Rabbits may hold key to solving mystery of human female orgasm

Study suggests climax may be an evolutionary hangover but crucial questions remain A possible explanation for one of biologys greatest mysteries, the female orgasm, has been bolstered by research showing that rabbits given antidepressants release fewer eggs during sex. The human female orgasm has long proved curious, having no obvious purpose besides being pleasurable. The scientists behind the study have previously proposed it might have its evolutionary roots in a reflex linked to the release of eggs during sex a mechanism that exists today in several animal species, including rabbits. Since humans have spontaneous ovulation, the theory goes that female orgasm may be an evolutionary hangover. They say the new experiment supports the idea. We know there is a reflex …

The science of senolytics: how a new pill could spell the end of ageing

A simple treatment to stave off the health problems of old age could be available in five to 12 years. Heres how it would work The science of extending life is a subject of morbid fascination, conjuring the image of old billionaires being cryogenically frozen. But imagine if, instead of a pill you could take to live for ever, there was a pill that could push back the ageing process a medicine that could stave off the fragility, osteoarthritis, memory loss, macular degeneration and cancers that plague old age. It could happen, with the science of senolytics: an emerging and highly anticipated area of anti-ageing medicine. Many of the worlds top gerontologists have already demonstrated the possibilities in animals and …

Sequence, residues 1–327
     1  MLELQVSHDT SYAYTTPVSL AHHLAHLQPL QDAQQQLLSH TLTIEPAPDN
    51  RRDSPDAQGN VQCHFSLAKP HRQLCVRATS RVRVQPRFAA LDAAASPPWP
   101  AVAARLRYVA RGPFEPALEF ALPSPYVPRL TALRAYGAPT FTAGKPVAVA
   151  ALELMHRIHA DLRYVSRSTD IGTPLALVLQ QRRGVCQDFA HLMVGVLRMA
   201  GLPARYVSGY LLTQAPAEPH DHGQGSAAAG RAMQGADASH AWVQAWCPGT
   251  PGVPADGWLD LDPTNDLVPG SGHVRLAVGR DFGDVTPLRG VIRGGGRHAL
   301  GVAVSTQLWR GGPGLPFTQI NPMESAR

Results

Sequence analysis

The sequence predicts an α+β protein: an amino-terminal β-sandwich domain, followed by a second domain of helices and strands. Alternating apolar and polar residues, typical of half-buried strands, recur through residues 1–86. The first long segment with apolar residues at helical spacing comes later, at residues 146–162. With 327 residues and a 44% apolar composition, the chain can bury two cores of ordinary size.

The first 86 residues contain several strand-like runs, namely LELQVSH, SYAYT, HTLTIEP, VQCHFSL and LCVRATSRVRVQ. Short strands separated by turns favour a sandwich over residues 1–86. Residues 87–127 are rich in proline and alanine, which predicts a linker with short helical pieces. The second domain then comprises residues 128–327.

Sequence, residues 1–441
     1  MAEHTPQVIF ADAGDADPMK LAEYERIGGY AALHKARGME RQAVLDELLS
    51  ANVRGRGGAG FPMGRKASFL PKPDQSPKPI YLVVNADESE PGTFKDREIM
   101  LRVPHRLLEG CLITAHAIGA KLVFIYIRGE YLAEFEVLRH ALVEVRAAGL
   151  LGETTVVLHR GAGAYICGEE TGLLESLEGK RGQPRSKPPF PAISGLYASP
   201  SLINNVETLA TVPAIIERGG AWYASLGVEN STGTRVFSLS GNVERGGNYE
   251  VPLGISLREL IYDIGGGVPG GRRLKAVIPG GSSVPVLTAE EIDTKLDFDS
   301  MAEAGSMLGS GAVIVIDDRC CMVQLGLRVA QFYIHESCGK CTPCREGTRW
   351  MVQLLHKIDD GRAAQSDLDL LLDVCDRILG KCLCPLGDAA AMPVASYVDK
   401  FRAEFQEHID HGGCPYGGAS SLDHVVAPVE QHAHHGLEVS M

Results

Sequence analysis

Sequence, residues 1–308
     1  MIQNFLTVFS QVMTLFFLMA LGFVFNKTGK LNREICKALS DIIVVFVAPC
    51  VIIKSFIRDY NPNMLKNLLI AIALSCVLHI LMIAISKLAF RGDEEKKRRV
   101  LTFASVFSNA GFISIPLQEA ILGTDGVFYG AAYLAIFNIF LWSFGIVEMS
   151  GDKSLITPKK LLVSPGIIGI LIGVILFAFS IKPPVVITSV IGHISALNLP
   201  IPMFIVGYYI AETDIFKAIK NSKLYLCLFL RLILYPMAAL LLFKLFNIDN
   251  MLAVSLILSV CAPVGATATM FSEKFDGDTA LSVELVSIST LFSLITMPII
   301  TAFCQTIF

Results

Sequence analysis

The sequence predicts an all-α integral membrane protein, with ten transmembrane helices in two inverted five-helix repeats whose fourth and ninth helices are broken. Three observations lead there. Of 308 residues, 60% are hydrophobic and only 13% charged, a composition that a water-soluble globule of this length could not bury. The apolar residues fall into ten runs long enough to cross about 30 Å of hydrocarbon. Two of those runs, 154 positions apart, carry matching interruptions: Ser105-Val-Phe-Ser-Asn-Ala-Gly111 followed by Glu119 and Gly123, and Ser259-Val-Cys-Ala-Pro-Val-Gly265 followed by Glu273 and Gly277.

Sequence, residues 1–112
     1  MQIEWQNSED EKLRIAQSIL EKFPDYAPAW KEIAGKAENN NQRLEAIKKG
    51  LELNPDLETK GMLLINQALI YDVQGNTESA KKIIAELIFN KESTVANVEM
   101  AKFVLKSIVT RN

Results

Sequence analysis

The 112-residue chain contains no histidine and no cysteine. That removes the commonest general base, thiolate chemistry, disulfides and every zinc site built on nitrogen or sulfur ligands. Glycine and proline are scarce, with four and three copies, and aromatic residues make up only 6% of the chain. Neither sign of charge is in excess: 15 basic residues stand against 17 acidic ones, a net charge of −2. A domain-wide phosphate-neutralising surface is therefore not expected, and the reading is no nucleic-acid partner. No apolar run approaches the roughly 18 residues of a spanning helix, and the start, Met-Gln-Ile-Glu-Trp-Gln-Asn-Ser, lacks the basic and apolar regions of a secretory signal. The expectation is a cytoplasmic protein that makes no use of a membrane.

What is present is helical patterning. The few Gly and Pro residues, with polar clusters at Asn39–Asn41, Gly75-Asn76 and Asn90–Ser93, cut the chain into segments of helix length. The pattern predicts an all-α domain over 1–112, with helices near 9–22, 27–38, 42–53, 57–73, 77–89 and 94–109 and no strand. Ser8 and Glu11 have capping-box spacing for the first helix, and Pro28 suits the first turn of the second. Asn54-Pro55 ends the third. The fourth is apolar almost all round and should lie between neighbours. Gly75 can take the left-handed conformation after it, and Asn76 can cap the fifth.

For women like me, postponing the menopause would be a blessing | Sonia Sodha

Scientific advances that prolong fertility can only be a benefit to many would-be mothers Let us imagine for a moment that we lived in a world where male fertility dropped off a cliff by the time men hit their mid 40s, leaving a group of men who wanted to have children but couldnt. When would science have produced a fix? I am going to hazard a guess that it would have been quite some time ago. But it has taken until 2019 for a fledgling treatment to delay the menopause by up to 20 years to be offered to women, even though the idea has been around for treatment involves removing and freezing a small piece of ovarian tissue from …